Now when one multilateral development bank party to our agreement sanctions a firm or individual, we all agree to debar them. In the last six years alone, the World Bank has recognized at least 255 debarments from other banks—and more than 300 of our own debarments were recognized by our partners.
But these sanctions are not a life sentence—no, they’re an opportunity.
Being sanctioned doesn’t end with debarment. In fact, we give companies a second chance. We actively engage them in integrity compliance programs, so we can work to prevent, detect, and reduce fraud and corruption in the future.
We’ve already seen previously debarred firms even go on to mentor their own competitors.
When you think about it, it’s very intuitive. If you’re playing by the rules, you want everyone else to do the same.
But we can still do more to help our clients develop faster and sustainably.
The World Bank Group’s new funding strategy Maximizing Finance for Development, or MFD is also an opportunity area in the fight against corruption. By crowding-in private sector financing, we aim to maximize each development dollar. We help countries ensure that scarce government money goes where it’s needed most.
But for this to work—for the billions of development dollars to become trillions—we need clean business.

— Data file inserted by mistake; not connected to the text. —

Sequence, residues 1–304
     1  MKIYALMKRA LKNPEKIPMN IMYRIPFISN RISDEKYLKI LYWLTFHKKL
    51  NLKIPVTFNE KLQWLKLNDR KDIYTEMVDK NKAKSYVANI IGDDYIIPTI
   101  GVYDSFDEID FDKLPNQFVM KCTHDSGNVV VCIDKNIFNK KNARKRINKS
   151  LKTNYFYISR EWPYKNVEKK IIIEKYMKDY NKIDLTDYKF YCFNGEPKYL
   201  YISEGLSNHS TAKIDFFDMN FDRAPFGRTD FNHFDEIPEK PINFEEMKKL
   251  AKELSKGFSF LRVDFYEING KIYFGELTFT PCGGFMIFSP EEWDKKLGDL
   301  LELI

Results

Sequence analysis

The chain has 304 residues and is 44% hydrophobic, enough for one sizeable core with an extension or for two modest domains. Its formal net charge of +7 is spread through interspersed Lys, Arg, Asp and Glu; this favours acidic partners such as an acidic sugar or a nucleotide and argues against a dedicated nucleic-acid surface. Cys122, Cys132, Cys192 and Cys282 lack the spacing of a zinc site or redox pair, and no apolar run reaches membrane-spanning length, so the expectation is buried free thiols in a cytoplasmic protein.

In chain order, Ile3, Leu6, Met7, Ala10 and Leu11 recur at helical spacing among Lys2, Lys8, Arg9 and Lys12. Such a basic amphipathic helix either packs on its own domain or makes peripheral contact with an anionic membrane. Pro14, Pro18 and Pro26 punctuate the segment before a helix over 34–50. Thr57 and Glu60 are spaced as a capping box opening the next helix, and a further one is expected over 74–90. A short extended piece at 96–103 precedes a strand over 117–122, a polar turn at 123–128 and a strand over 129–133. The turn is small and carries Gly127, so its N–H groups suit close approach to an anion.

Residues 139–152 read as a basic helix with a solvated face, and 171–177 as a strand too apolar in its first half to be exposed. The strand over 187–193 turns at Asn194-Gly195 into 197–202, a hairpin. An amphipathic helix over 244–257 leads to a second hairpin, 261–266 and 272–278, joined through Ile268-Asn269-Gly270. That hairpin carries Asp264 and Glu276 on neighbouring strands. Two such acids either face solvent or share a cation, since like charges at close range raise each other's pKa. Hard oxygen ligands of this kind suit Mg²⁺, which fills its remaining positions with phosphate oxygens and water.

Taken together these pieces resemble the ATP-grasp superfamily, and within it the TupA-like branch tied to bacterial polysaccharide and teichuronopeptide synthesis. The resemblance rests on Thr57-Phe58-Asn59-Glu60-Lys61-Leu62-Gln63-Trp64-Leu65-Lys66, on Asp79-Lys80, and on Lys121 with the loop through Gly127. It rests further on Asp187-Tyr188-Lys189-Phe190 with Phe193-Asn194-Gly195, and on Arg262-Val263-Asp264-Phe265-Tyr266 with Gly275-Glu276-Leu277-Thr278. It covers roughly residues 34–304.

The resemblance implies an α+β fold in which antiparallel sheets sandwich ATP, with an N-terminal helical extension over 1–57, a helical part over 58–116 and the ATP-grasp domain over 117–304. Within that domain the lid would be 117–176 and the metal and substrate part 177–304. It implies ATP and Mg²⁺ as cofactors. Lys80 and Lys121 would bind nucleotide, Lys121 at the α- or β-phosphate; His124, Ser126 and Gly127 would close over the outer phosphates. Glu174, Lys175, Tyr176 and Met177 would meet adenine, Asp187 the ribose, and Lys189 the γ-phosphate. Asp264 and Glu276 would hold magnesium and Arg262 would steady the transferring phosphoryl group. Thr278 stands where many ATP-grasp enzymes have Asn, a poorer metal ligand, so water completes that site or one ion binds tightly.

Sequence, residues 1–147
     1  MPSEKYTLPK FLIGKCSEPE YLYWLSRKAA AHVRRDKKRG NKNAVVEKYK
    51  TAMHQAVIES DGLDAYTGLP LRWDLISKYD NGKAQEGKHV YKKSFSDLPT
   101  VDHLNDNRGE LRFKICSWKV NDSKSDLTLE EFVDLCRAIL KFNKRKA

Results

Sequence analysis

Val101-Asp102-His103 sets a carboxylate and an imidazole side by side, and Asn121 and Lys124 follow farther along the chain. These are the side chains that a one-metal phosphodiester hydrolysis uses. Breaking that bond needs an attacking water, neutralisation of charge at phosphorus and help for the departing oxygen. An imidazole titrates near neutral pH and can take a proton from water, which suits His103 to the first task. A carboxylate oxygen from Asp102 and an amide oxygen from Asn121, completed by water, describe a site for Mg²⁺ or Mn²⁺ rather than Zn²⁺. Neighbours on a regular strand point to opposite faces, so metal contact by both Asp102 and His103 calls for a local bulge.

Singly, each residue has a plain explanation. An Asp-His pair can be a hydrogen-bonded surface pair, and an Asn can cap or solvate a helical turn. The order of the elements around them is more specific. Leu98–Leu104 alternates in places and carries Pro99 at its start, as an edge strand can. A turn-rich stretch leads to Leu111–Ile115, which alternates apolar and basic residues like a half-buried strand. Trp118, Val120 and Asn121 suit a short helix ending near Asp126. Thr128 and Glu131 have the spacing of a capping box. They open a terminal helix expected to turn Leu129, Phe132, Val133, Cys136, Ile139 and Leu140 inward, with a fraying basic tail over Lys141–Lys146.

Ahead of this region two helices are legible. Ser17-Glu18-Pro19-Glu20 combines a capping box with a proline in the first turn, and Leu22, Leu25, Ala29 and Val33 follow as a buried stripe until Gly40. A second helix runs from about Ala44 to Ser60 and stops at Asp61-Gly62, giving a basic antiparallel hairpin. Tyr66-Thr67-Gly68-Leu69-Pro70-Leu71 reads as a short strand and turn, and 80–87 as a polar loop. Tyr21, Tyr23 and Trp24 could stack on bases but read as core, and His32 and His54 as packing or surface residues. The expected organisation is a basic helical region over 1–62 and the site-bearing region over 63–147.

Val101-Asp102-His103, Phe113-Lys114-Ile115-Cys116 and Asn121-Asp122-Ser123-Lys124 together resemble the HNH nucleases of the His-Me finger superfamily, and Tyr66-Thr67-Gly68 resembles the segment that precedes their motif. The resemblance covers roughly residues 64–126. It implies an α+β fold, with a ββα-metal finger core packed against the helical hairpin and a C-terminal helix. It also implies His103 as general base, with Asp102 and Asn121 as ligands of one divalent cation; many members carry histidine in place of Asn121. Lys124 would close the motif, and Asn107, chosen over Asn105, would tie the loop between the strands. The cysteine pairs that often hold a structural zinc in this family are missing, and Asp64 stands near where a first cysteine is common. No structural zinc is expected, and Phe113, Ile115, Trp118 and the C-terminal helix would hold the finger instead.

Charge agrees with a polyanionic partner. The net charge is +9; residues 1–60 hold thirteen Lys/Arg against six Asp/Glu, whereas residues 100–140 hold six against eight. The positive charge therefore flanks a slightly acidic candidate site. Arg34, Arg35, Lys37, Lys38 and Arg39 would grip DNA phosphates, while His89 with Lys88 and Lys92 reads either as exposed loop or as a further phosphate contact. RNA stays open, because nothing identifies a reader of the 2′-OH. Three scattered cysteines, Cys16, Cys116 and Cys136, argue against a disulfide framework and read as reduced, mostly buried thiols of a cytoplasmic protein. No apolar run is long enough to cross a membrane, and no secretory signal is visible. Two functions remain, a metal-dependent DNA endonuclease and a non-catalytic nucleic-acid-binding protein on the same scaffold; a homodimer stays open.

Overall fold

Without a clean business environment, the Bank Group’s private sector and political risk insurance arms in IFC and MIGA would impose a risk premium at a direct cost to the host country—or worse, not have the confidence to invest at all. In the end, this impedes poverty reduction—hurting the poor the most. This reality is unacceptable, especially in states torn apart by fragility, conflict, and violence.
Success in all these efforts will rely on collaboration and trust, and putting our global partnerships in action as never before.
This is the World Bank Group’s vision: a world free of corruption is fundamental to a world free of poverty.
We are more committed than ever, and look forward to engaging closely with you in the months and years to come.
This future is finally within our reach—if we only have the courage to seize it.